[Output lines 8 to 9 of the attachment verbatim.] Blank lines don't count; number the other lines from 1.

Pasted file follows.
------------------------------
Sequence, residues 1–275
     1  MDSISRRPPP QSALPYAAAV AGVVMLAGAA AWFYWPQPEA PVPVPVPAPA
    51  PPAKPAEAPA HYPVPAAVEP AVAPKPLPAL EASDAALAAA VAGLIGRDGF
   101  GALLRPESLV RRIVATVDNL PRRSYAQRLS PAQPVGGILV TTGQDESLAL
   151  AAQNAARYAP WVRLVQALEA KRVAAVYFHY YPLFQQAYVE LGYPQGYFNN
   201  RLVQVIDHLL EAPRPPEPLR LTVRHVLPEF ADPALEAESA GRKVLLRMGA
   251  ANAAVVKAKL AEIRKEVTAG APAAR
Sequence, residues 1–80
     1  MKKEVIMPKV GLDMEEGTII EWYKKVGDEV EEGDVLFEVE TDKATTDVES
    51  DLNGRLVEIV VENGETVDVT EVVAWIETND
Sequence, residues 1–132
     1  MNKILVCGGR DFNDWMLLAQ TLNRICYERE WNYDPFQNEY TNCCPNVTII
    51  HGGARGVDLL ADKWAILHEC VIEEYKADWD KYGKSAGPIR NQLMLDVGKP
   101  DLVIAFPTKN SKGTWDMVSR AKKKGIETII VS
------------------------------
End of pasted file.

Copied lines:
Sequence, residues 1–80
     1  MKKEVIMPKV GLDMEEGTII EWYKKVGDEV EEGDVLFEVE TDKATTDVES